--> Wamsutter Development Area, Wyoming: A Case Study in Developing a Giant Tight Gas Field, by Tony McClain, James A. Hornbeck, G. Earl Norris, Virginia L. Riggert, Reinel Solano, Frederick E. Bakun, Eugene J. Piekenbrock, Meredith Rhodes Carson, David S. Muller, Brian W. Horn, Debra H. Phillips, and Evy Glorstad-Clark; #90052 (2006)

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Wamsutter Development Area, Wyoming: A Case Study in Developing a Giant Tight Gas Field

Tony McClain1, James A. Hornbeck2, G. Earl Norris1, Virginia L. Riggert2, Reinel Solano2, Frederick E. Bakun2, Eugene J. Piekenbrock2, Meredith Rhodes Carson2, David S. Muller2, Brian W. Horn2, Debra H. Phillips2, and Evy Glorstad-Clark3
1 BP America Production Co, Houston, TX
2 BP America Inc, Houston, TX
3 EPTG, Houston, TX

The Wamsutter Development Area (WDA) is a large, tight gas accumulation in the Washakie and Red Desert Basins of the Greater Green River Basin in southwest Wyoming. The fields have produced 2 TCF from about two thousand wells since the 1970's. Primary reservoirs are in paralic and shallow marine sandstones of the Late Cretaceous Almond Formation, representing the western margin of the Cretaceous Seaway. The interplay of sea-level changes and accommodation space resulted in the deposition of a diverse suite of sandstones, siltstones, shales, and coals in a complex, but predictable sequence of tidally-dominated depositional environments. These environments of deposition ultimately control reservoir quality in sands that are prospective in a range of depths from 8,000 to 13,500 feet.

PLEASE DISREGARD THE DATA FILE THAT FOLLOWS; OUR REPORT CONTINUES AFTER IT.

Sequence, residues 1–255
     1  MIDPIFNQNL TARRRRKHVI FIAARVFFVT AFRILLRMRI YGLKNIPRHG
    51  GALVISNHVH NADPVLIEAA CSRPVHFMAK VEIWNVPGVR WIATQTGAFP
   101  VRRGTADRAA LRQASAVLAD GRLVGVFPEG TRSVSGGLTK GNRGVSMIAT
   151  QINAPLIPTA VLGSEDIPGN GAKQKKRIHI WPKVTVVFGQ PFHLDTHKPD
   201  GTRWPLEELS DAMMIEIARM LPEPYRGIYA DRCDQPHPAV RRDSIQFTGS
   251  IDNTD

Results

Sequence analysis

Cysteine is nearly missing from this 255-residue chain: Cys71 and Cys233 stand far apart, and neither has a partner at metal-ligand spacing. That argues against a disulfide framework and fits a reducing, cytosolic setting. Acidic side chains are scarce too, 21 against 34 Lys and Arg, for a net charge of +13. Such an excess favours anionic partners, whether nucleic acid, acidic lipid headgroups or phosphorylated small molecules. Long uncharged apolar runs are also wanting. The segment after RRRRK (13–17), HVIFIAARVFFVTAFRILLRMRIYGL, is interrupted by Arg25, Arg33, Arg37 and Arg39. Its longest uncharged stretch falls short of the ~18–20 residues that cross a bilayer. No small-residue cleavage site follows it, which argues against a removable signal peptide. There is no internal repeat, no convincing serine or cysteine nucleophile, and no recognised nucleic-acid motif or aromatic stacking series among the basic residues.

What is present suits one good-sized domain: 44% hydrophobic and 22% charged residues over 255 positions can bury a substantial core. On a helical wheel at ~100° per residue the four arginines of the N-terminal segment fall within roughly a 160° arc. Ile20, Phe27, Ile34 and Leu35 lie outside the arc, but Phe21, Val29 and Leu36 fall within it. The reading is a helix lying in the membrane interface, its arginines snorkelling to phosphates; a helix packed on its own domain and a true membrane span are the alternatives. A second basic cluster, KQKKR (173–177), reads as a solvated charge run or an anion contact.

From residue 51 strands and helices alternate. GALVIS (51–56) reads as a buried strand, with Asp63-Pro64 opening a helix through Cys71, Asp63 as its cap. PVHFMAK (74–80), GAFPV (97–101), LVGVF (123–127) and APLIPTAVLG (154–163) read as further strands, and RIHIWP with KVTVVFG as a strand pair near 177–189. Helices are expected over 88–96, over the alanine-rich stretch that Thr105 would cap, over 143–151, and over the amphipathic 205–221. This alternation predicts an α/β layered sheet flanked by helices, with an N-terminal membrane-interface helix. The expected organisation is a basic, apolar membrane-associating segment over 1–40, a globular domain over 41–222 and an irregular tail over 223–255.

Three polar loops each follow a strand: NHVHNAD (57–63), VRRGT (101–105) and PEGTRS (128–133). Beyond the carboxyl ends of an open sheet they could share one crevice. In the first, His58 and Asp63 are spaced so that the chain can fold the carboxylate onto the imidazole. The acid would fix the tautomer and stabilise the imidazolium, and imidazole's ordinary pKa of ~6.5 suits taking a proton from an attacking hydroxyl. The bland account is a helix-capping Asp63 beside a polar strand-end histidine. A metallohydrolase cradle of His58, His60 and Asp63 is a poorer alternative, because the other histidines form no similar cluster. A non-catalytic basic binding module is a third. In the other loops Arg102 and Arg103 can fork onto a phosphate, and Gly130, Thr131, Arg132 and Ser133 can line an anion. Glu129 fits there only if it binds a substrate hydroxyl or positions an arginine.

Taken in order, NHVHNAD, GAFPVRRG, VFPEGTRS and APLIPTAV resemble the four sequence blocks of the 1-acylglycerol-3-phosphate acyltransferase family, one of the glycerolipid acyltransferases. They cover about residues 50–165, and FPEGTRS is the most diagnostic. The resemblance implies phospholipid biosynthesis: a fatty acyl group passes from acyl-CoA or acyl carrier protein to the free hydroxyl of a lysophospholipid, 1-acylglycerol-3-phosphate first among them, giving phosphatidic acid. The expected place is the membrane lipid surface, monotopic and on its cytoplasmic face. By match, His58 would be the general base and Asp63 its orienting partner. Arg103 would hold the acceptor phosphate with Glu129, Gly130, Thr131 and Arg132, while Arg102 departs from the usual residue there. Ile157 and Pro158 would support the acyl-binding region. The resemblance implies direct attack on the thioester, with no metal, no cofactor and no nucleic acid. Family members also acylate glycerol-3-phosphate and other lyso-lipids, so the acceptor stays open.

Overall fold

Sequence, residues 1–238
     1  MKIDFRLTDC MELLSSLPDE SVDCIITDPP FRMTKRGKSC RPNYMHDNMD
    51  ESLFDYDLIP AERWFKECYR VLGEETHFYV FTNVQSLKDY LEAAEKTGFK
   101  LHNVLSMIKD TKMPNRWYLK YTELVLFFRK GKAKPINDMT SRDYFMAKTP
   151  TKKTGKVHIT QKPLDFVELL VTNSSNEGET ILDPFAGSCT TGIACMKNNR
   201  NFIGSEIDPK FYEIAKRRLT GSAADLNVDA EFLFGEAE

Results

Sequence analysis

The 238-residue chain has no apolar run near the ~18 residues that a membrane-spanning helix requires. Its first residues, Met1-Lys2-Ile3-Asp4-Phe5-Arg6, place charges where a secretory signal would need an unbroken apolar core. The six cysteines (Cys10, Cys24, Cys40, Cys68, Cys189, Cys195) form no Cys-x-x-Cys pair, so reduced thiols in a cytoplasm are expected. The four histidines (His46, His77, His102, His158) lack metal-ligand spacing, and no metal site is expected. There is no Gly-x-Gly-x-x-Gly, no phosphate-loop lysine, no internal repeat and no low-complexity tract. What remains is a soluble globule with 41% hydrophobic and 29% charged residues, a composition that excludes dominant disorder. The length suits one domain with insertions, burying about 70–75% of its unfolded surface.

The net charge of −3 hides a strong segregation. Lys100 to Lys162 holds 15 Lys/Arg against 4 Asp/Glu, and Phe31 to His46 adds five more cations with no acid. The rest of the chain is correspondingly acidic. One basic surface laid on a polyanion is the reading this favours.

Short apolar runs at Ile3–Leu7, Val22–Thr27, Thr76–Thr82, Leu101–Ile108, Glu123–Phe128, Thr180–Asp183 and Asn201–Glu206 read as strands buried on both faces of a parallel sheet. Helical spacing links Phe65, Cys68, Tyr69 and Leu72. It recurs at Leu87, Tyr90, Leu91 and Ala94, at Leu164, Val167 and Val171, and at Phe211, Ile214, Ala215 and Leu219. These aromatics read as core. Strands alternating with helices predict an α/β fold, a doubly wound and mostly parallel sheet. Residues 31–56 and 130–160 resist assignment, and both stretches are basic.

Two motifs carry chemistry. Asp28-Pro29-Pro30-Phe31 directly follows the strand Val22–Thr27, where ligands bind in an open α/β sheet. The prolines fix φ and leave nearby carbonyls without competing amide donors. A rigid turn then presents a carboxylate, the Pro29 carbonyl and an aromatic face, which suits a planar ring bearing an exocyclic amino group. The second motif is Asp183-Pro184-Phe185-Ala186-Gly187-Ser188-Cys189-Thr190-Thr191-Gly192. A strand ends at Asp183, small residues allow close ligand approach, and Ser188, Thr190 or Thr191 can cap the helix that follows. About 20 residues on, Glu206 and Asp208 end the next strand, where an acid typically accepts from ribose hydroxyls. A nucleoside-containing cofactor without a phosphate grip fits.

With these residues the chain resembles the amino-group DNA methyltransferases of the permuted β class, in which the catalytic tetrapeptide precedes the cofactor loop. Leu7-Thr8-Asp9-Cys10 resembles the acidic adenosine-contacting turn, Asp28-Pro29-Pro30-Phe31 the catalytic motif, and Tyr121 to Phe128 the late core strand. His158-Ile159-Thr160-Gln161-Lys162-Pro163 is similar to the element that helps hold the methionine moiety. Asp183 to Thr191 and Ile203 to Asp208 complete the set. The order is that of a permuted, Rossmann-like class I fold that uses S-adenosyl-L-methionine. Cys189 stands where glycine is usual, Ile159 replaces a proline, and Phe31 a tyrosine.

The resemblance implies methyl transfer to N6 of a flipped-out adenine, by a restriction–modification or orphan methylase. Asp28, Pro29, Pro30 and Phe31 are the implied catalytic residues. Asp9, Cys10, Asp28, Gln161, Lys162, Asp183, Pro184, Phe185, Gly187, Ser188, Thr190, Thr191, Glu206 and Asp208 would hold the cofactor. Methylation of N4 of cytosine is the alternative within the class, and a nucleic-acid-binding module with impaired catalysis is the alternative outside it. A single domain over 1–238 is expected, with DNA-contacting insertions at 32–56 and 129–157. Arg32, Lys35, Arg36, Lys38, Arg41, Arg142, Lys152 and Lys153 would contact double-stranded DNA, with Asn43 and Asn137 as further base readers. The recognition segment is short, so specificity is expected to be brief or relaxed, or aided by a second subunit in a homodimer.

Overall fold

Two modes of development have been used in the WDA, each method accounting for about half of the new wells drilled. Where there are multiple wells in adjoining sections (1 mi2 each), the ‘township (36 mi2) method' integrates openhole logs, seismic attribute analysis, and production history for evaluating and prioritizing hundreds of locations. The other half of the field is developed with a more geologically-focused depositional model approach to understand and guide reservoir relationships in areas with only one or two wells per section. Both methods have established track records of success in recent drilling programs.